Today I built up a new desktop system, and pulled a boner that ended over two years of uptime on my primary server.
With Google now figuring page load times into its Page Rank algorithms, we’re pulling out all the stops to make our sites faster. That’s why this month we are pleased to announce we have moved all the sites we host and manage to our screaming-fast new server co-located in a Reno, Nevada datacenter!
Protecting customer data is a commitment we take seriously. To that end, we radically upgraded our off-site backup solution this month.
Here’s a project opportunity for a fun, easy open source school project. It’s a dynamic e-commerce store platform built 15 years ago that KILLS Google’s PageSpeed test, but needs some modernization. I built this in 2002, entirely from scratch. Until 2016, it enabled a retired bicycle shop owner with little computer expertise to run a pretty active online store featuring vintage bicycle gear. The code was also adapted for a few other clients through the years, although that work has been lost. Over the years, the code was ported from BSD Unix to Linux, and from PHP3 to PHP5. It is now overdue for another facelift, from function-based PHP5 to object-based PHP7, and to responsive display code. Meanwhile, the site’s homepage and product pages have the distinction of earning a perfect 100 on Google’s PageSpeed ranking. The category pages rate 99!!
I see it all the time. A company pays good money to have a website built, but within a few years, the site is broken, slow, and maybe even taken over by unethical hackers with unscrupulous agendas. The problem? They did not maintain their website.
It was great while it lasted… Google has a long-established pattern of creating great, free services, and then gradually beginning to charge for them. Witness GMail for Domains, which initially allowed 50 then later 10 free accounts, but which now costs $50/user/year for new set-ups (the old, free ones are still grandfathered in — for now). This time, it’s Maps that Google is aiming to monetize.
In the “Internet of Things” era, many of the physical electronic artifacts that we purchase function only in tandem with a service component provided by a vendor — even if that component is only the timely release of software updates. In time, the vendor shifts attention to newer models, or is otherwise forced by business realities to abandon support for the artifact, leaving us with devices superannuated not so much by necessity as happenstance. Luckily, sometimes, the open source community can step in with a fix.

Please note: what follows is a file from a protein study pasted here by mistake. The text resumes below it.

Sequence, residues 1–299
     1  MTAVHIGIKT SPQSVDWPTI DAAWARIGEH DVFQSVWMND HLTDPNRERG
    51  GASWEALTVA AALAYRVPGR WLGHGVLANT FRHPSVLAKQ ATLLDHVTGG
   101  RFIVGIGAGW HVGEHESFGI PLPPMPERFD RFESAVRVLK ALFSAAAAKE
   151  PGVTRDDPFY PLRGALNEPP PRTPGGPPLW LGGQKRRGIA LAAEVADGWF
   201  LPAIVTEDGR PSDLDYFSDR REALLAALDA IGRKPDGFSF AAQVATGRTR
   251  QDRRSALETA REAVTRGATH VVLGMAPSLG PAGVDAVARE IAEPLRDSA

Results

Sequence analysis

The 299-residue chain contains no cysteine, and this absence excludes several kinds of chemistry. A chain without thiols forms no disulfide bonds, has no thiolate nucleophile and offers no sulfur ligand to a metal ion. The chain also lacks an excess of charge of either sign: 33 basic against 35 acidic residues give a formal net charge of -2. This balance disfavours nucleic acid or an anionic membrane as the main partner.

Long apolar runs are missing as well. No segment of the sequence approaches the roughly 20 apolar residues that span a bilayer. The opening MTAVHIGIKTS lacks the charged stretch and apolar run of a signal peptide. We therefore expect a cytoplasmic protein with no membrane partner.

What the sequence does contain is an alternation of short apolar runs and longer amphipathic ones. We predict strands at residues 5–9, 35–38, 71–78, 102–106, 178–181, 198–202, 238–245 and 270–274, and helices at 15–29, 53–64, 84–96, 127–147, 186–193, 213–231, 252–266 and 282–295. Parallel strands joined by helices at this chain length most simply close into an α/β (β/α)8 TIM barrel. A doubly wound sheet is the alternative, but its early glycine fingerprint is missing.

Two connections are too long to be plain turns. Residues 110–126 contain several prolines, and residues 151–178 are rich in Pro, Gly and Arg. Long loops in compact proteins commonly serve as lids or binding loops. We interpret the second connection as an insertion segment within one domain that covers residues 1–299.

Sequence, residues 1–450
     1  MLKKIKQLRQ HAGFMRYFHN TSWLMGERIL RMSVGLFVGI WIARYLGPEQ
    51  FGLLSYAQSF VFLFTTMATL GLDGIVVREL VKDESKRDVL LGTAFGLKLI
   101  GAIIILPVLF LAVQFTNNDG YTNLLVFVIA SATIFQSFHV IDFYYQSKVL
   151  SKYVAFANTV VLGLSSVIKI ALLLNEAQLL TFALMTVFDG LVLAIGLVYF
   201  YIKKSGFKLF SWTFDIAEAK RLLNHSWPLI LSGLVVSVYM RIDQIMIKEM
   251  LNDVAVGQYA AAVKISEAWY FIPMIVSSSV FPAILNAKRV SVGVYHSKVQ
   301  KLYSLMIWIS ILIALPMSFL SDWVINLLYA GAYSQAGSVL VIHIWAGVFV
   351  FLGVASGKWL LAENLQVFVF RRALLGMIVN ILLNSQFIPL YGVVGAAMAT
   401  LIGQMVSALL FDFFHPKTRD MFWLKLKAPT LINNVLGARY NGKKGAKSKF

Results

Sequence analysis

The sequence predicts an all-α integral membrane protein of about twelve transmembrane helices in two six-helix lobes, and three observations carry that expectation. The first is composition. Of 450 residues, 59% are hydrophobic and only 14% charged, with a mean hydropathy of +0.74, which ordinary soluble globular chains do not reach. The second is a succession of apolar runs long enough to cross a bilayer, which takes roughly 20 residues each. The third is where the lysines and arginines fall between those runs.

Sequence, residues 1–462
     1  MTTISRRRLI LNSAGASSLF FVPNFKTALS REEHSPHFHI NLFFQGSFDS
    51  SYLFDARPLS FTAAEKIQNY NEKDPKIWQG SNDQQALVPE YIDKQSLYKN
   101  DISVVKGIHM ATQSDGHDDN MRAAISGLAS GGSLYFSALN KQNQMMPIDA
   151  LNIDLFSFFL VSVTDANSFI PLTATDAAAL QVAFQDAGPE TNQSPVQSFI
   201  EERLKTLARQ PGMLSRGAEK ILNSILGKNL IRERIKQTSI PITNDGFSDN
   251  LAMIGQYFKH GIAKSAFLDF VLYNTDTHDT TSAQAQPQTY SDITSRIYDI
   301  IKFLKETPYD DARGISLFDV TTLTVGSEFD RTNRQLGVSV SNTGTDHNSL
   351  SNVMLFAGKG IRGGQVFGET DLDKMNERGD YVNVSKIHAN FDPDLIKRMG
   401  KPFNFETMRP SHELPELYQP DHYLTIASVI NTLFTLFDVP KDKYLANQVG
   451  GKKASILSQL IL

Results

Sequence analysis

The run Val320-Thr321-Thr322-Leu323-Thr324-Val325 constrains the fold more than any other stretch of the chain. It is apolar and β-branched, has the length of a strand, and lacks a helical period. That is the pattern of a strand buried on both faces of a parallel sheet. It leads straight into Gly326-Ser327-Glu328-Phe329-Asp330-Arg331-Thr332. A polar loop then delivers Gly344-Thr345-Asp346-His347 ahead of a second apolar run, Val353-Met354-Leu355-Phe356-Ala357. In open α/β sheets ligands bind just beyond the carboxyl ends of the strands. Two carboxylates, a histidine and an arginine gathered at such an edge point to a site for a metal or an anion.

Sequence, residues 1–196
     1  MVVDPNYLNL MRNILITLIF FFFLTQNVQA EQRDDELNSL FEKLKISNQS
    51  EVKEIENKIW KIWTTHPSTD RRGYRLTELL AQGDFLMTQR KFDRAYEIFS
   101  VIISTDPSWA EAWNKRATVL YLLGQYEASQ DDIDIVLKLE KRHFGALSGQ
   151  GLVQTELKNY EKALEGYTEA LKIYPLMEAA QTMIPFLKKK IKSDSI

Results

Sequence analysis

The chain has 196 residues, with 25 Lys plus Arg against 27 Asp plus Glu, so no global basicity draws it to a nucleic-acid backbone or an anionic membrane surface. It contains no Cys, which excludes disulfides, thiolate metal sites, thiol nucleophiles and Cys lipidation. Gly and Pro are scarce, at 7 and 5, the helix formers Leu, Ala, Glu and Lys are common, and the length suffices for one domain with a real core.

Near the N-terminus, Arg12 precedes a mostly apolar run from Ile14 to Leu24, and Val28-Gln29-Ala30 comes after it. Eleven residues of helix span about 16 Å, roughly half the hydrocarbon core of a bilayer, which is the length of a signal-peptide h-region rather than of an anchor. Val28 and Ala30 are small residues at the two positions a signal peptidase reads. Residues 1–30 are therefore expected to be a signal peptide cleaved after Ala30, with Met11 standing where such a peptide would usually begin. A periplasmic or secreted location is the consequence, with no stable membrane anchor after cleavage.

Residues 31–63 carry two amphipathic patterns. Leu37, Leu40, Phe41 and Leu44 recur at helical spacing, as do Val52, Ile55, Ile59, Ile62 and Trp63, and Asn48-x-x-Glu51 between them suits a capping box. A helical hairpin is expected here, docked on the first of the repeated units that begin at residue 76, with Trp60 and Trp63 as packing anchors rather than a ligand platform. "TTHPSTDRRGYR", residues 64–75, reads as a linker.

He or she who owns the domain name can control all Internet-related services, including the website, email, and in many cases, social media accounts as well. In other words, if you have or are planning to have a website, domain email, or other Internet-based service, NOTHING is more important than picking a good domain name and owning it yourself. It should cost about $15/year to purchase a domain name. If a registrar wants more, they are probably “upselling” you on a bundle of services you do not need. Never pay more than $15/year for domain registration.
If your website is hosted with us, you should have little to fear from the epic Meltdown and Spectre bugs that surfaced recently. In case you haven’t heard, these two exploits are among the scariest ever, in part because they affect essentially every computer or device made since 1995. That’s the bad news. The good news is that these bugs are extremely difficult or impossible to exploit remotely. They mainly affect “the cloud” and other shared hosting environments, where multiple, mutually distrustful users share a single processor. Here, a bad actor could sniff passwords and other sensitive information on an unpatched system. Sadly, that is by far the most common way that websites are hosted today — on shared hosting environments. However, it is NOT how we do it. We run our own, exclusive physical hardware server located in a highly secured data center connected to multiple Tier 1 backbones and backed up by a sophisticated emergency backup system. No one but us has access to this system, other than through typical browser-based, well sand-boxed admin panels. Meltdown and Spectre appear to be almost impossible to exploit remotely, and that is good news for us, and our clients, too.